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 / Fall 2005 / Issue 40(originally published by Booz & Company)


Virtual Scale: Alliances for Leverage

After determining the specific ways that Virtual Scale can benefit your company, compile a list of potential partners from organizations involved in businesses that in some fashion overlap the areas where scale is most needed. Some companies can be quickly eliminated; among them should be large organizations that already enjoy significant operational scale and small companies lacking enough volume to create any appreciable scale even in a partnership.

Whether to ally with a competitor is a trickier question. Companies need to make a clearheaded identification of their real hard-bitten predators and exclude them from Virtual Scale relationships. But at the same time, it’s essential to take a fluid approach to alliances. For example, it may make good business sense — and pose almost no risk — to share with a direct rival high-volume procurement of a commodity part when the component has no bearing on differentiating one product from another. In our experience, the failure to realistically analyze the competition and determine which companies are truly a threat to your business strategies and business model and which are prospective partners can significantly narrow the potential value from Virtual Scale.

Next, evaluate the relative merits of each potential partner by answering these questions:

  • What is the value in partnering? Will there be benefits in terms of improved margins and market share, increased return on investments, and enhanced capabilities?
  • Why is my company interested in forming this alliance?
  • What would be the other company’s gain from this alliance and what would the company bring to the partnership?
  • Can these two companies work together successfully? Is there a cultural and regional fit?
  • What other external factors need to be considered, including safety, regulatory, environmental, and sociopolitical issues?

The final implementation step involves negotiating the Virtual Scale partnership. Before contacting potential allies, companies should prepare draft contracts that include specific rules of engagement and working joint-venture guidelines, including production prioritization, intellectual capital usage, and performance targets.

Considering that Virtual Scale offers the hope of turning companies that are under competitive pressure into virtual giants, it’s surprising that more companies have not yet adopted this strategy. The hesitance seems to stem from the fear of losing control in an alliance. Small companies sharing trucks with midmarket ones, for instance, might be concerned that large retailers would blame them — and even cancel their orders — if a shipment were late, even though the small companies would have had little sway over the distribution center. Or a midsized company might be wary that confidential marketing data could be leaked to a competitor by its smaller partner.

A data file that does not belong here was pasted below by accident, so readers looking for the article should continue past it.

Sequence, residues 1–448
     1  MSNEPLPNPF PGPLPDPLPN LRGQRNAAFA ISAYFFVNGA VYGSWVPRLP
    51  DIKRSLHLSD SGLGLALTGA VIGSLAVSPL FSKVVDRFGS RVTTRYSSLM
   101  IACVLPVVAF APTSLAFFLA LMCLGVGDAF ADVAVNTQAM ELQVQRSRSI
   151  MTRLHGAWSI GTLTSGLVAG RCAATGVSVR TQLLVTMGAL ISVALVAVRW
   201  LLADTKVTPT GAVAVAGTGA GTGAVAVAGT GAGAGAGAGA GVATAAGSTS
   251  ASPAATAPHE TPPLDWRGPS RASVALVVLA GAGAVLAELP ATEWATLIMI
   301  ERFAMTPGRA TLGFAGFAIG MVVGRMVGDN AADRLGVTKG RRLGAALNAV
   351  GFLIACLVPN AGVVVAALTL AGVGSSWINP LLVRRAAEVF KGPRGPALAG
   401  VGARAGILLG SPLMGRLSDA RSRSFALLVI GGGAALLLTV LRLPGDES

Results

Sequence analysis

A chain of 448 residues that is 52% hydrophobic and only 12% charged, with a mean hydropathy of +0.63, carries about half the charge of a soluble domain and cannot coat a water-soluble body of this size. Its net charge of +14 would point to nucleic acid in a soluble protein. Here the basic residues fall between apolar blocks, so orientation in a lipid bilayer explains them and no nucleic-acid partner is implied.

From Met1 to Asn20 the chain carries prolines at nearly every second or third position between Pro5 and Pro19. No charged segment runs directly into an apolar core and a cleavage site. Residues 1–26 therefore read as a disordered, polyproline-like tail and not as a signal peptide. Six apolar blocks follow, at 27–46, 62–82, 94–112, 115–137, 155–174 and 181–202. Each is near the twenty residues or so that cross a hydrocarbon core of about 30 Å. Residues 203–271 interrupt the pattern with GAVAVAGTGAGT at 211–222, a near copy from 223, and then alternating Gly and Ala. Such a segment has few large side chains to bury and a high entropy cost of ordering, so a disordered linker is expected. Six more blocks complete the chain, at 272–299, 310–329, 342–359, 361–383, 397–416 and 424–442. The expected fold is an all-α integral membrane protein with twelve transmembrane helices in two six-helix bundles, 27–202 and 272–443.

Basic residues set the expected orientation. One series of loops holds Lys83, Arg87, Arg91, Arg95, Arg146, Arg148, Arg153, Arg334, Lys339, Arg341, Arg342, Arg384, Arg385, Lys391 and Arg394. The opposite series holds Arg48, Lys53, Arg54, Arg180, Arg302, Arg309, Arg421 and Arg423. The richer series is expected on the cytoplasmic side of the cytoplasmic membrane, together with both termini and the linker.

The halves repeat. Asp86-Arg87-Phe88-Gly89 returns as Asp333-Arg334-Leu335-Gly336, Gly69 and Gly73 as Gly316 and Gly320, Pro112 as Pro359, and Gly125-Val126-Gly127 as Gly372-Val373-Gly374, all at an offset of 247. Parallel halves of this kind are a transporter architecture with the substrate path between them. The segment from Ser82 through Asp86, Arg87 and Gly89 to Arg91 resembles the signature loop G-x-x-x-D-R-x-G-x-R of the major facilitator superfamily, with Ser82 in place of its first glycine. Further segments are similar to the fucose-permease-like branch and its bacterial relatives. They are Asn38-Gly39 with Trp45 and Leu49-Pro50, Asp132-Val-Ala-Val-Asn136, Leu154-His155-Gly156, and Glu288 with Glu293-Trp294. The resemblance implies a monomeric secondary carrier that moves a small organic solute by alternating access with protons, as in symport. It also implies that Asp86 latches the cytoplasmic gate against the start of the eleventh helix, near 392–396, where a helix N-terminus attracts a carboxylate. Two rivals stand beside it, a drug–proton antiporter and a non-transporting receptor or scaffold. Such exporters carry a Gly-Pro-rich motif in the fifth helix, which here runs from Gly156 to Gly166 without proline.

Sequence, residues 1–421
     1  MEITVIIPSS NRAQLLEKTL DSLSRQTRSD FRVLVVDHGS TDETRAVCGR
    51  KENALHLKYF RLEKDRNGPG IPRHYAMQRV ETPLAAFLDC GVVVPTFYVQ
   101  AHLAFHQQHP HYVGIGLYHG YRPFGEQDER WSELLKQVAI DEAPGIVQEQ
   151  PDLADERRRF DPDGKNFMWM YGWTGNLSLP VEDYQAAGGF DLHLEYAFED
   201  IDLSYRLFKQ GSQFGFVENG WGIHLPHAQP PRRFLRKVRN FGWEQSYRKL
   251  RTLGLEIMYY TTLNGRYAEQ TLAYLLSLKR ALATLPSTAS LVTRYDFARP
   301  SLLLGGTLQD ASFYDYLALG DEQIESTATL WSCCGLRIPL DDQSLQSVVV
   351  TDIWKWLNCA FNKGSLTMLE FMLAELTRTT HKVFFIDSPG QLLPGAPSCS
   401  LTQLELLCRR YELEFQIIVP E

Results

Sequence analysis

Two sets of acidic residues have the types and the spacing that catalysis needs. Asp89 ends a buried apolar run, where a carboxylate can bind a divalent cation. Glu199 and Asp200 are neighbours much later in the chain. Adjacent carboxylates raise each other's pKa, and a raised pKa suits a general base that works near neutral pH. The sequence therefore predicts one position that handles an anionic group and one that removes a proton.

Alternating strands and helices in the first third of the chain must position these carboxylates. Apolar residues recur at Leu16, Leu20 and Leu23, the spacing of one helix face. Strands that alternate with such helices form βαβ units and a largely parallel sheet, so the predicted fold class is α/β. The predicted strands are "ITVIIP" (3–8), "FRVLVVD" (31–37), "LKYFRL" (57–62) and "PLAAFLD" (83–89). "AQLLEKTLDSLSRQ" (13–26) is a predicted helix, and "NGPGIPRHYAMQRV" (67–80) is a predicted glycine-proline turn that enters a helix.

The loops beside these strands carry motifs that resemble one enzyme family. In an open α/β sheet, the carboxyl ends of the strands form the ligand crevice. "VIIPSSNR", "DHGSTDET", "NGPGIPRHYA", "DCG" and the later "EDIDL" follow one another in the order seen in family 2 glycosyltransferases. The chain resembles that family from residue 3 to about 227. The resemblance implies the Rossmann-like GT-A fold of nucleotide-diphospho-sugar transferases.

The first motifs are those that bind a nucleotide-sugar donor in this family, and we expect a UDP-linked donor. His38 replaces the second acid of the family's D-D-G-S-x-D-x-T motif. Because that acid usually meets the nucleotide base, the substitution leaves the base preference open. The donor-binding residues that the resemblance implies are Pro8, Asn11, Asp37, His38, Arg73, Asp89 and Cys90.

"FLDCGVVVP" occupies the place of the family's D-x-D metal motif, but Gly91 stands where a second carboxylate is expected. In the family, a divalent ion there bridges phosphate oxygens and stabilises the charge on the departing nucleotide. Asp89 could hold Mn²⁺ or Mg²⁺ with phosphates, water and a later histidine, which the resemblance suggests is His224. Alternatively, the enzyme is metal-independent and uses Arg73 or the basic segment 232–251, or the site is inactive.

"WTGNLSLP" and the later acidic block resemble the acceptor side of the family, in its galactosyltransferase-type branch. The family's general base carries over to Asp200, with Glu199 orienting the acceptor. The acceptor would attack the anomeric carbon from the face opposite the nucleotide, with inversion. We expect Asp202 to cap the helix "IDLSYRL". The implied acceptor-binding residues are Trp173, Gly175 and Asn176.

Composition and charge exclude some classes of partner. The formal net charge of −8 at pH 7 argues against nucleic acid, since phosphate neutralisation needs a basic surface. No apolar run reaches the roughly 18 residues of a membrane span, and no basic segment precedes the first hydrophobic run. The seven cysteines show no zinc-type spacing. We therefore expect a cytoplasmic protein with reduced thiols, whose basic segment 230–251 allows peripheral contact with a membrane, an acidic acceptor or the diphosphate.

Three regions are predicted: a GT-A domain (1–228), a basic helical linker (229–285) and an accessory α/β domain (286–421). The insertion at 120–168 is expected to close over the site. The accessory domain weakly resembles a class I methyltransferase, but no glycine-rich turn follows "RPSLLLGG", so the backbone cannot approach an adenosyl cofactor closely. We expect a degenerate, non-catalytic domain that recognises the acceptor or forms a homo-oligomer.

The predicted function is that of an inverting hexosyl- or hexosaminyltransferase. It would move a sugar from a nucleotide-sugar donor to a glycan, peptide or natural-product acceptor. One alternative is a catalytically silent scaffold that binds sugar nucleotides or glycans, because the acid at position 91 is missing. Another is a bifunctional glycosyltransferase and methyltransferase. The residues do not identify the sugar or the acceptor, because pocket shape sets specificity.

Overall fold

These are certainly legitimate worries, but they imply that strategies like Virtual Scale require abdication of good business judgment. Issues of control, supervision, and oversight should be covered in detail in the working agreement, and none of the partners in a Virtual Scale arrangement should relinquish their responsibility to closely manage activities, including joint ventures that could affect the future of their organizations.

The larger reality is that before long, Virtual Scale may not be simply an option; it may be a requirement. Without it, many companies could fall further and further behind their larger scaled competitors — and risk being swallowed up by them. Indeed, for these companies, Virtual Scale’s true value could be as the sole criterion for prejudging the success of alliances. Those ventures that are specifically designed to close the distance between a midsized company and its larger competition will be the only ones that are strategically worth undertaking.

Author Profiles:

Doug Hardman ([email protected]) is a vice president in Booz Allen Hamilton’s Chicago office. He specializes in operations strategy, organization productivity, and supply chain management for consumer products and retail companies.
David Messinger ([email protected]) is a principal with Booz Allen Hamilton in New York. He focuses on supply chain and consumer channel strategies primarily for packaged-goods and retail companies.
Sara Bergson ([email protected]) is an associate with Booz Allen Hamilton in New York. She works with consumer products companies on value chain strategies.
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